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JSON Layout

While the standard "pattern" layouts work well for humans grepping logs, large-scale log management revolves around tools such as Elasticsearch to filter and visualize log data. However, Elasticsearch wants JSON as input, and while you can use a Lambda to parse text logs, it's faster and less error-prone to simply send JSON.

This layout transforms the raw logging event into JSON, adding optional information such as the server's hostname, EC2 instance tags, and user-defined metadata. You can use it with any appender, not just the ones in this library.

For Logback, there's also JsonAccessLayout, which similarly formats access logs.

Configuration

The complete list of properties is as follows (also available in the JavaDoc). Boolean properties are explicitly enabled with the case-insensitive value "true", explicitly disabled with the case-insensitive value "false", and default to "false" unless otherwise noted.

Name Type Description
appendNewlines Boolean If "true", a newline will be appended to each record (default is false). This is useful when sending logging output to a file, particularly one read by an agent.
enableInstanceId Boolean If "true", the JSON will include the EC2 instance ID where the application is running. WARNING: This is retrieved from EC2 metadata, and will delay application startup if you're not running on EC2.
enableHostname Boolean Defaults to "true", including the logging server's hostname in the output; may be disabled by setting to "false".
enableLocation Boolean If "true", the JSON will include a sub-object that holds the location (class, source file, and line number) where the log message was written. This adds to the cost of every logging message so should not be enabled in production.
tags String If present, the JSON will include a sub-object with specified user metadata. See below for more information.

Data

The generated JSON object will have the following properties, some of which are optional:

Key Value
timestamp The date/time that the message was logged, formatted as a UTC ISO-8601 timestamp with milliseconds (example: 2017-10-15T23:19:02.123Z).
thread The name of the thread where the message was logged.
logger The name of the logger (normally the class that's writing the message, but you can use custom loggers).
level The level of the log message: DEBUG, INFO, WARNING, ERROR.
message The logged message.
exception The stack trace of an associated exception, if one exists. This is exposed as an array of strings, corresponding to the separate lines from Throwable.printStackTrace(): the first line identifies the exception, subsequent lines contain the stack trace.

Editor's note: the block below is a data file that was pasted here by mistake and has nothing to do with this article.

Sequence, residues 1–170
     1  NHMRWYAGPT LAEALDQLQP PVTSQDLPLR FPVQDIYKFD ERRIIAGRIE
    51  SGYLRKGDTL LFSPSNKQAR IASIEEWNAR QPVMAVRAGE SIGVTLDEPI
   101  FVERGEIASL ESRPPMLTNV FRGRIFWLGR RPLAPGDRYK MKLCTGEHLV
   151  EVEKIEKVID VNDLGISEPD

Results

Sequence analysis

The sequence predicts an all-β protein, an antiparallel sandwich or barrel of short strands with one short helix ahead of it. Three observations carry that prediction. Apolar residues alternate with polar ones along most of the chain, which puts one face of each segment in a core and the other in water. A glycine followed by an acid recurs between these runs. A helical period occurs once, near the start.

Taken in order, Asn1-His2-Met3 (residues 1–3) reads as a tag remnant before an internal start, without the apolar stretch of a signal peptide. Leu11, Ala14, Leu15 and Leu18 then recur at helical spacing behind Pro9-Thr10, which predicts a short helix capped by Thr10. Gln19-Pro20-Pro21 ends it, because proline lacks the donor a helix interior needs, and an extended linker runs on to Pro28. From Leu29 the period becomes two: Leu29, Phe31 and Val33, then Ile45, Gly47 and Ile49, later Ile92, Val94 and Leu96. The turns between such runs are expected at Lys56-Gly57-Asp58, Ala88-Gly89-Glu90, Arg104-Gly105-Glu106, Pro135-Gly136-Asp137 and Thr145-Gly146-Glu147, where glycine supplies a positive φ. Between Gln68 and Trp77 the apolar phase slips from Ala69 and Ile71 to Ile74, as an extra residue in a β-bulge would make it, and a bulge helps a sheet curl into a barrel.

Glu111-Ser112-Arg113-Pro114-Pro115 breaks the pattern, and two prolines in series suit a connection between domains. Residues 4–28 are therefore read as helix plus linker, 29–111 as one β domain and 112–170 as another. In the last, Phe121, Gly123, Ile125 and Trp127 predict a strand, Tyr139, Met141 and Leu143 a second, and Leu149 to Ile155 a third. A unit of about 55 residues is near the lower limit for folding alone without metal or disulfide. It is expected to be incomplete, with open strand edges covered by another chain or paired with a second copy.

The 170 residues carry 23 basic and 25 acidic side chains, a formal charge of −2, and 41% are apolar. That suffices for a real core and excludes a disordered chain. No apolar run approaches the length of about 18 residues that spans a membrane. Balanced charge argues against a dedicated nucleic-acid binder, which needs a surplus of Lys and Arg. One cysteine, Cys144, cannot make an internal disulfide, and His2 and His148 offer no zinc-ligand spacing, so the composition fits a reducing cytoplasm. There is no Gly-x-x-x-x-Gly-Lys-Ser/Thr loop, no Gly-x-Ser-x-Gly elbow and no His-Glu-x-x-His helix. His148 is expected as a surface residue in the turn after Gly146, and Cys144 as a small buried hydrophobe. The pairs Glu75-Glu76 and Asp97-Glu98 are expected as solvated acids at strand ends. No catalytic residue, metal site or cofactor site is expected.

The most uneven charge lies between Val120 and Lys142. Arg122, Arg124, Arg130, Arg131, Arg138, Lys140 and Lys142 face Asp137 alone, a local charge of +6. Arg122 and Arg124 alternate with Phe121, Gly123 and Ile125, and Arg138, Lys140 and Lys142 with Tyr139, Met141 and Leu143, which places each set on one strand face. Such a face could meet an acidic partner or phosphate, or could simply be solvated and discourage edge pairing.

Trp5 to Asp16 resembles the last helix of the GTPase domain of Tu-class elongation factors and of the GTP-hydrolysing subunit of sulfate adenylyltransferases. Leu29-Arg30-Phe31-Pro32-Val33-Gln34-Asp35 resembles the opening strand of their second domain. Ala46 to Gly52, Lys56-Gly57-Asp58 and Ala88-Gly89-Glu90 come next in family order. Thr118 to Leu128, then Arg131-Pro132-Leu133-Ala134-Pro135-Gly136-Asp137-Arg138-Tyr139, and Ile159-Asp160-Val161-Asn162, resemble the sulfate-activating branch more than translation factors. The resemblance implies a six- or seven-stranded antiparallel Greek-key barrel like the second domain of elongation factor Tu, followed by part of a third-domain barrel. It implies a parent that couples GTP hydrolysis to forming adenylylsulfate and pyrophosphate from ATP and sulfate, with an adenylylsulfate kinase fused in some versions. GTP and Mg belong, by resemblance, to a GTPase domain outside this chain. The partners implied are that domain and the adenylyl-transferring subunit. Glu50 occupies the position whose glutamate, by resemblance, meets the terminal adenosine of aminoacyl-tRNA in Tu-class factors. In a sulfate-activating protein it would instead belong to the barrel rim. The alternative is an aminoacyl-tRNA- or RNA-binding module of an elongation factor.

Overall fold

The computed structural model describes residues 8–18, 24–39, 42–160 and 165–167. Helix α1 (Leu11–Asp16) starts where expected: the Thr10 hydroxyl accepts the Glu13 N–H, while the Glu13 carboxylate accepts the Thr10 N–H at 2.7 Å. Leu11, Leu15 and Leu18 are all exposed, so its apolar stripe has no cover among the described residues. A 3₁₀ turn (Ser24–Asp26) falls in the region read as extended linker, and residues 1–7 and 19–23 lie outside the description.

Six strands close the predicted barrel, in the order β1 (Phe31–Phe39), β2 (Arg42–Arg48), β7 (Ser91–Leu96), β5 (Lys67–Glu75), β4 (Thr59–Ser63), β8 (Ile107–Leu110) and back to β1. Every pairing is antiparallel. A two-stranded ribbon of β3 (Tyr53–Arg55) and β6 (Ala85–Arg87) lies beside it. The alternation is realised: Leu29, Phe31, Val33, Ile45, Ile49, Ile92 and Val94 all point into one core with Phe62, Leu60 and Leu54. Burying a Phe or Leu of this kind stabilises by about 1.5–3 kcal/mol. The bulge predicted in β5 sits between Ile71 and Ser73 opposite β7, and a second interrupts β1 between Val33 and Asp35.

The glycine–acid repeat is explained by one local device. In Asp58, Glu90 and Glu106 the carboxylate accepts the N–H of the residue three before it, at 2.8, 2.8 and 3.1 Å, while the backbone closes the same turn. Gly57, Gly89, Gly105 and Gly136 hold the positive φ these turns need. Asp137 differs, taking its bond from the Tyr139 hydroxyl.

hostname The name of the machine where the logger is running, if available and configured (this is retrieved from RuntimeMxBean and may not be available on all platforms).
processId The PID of the invoking process, if available (this is retrieved from RuntimeMxBean and may not be available on all platforms).
mdc The mapped diagnostic context, if it exists. This is a child map containing whatever entries are in the MDC.
ndc Log4J only: The nested diagnostic context, if it exists. This is a single string that contains each of the pushed entries separated by spaces (yes, that's how Log4J provides it).
locationInfo The location where the logger was called, if enabled. This is a child object with the following components: className, methodName, fileName, lineNumber.
instanceId The EC2 instance ID of the machine where the logger is running, if enabled.
tags Optional sub-object containing user-specified metadata; see below.

Metadata

The tags property is intended to provide metadata for search-based log analysis. It is specified using a comma-separated list of NAME=VALUE pairs, and results in the creation of a tags sub-object in the log message (see example below). Values may include substitutions, which are evaluated when the layout is instantiated.

Example

This configuration:

log4j.appender.example.layout=com.kdgregory.log4j.aws.JsonLayout
log4j.appender.example.layout.appendNewlines=true
log4j.appender.example.layout.enableHostname=true
log4j.appender.example.layout.enableLocation=true
log4j.appender.example.layout.tags=applicationName=Example,env={sysprop:env:dev},runDate={date}

Will produce lines of output that look like this (assuming that the application is invoked with -Denv=prod):

{"exception":["java.lang.Exception: sample exception","\tat com.kdgregory.log4j.aws.example.Main$LogGeneratorRunnable.run(Main.java:100)","\tat java.lang.Thread.run(Thread.java:745)"],"hostname":"peregrine","level":"ERROR","locationInfo":{"className":"com.kdgregory.log4j.aws.example.Main$LogGeneratorRunnable","fileName":"Main.java","lineNumber":"100","methodName":"run"},"logger":"com.kdgregory.log4j.aws.example.Main","message":"value is 95","processId":"25456","tags":{"applicationName":"Example","env":"prod","runDate":"20180908"},"thread":"example-0","timestamp":"2018-09-08T18:41:22.476Z"}

Which, when pretty-printed, looks like this:

{
    "exception": [
        "java.lang.Exception: sample exception",
        "at com.kdgregory.log4j.aws.example.Main$LogGeneratorRunnable.run(Main.java:100)",
        "at java.lang.Thread.run(Thread.java:745)"
    ],
    "hostname": "peregrine",
    "level": "ERROR",
    "locationInfo": {
        "className": "com.kdgregory.log4j.aws.example.Main$LogGeneratorRunnable",
        "fileName": "Main.java",
        "lineNumber": "100",
        "methodName": "run"
    },
    "logger": "com.kdgregory.log4j.aws.example.Main",
    "message": "value is 95",
    "processId": "25456",
    "tags": {
        "applicationName": "Example",
        "env": "prod",
        "runDate": "20180908"
    },
    "thread": "example-0",
    "timestamp": "2018-09-08T18:41:22.476Z"
}
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